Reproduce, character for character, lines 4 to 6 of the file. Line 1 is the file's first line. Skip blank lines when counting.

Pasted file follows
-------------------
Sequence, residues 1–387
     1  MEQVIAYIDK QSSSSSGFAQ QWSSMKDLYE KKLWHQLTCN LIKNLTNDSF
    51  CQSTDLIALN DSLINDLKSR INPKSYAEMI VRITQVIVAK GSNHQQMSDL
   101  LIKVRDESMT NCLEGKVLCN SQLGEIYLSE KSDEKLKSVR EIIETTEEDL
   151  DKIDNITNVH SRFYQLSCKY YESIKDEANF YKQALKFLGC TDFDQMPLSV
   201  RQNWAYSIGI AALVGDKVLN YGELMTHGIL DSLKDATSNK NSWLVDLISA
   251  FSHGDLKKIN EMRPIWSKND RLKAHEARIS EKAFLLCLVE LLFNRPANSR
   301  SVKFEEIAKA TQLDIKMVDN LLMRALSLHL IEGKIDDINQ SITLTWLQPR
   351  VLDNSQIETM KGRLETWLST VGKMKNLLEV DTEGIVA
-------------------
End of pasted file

   101  LIKVRDESMT NCLEGKVLCN SQLGEIYLSE KSDEKLKSVR EIIETTEEDL
   151  DKIDNITNVH SRFYQLSCKY YESIKDEANF YKQALKFLGC TDFDQMPLSV
   201  RQNWAYSIGI AALVGDKVLN YGELMTHGIL DSLKDATSNK NSWLVDLISA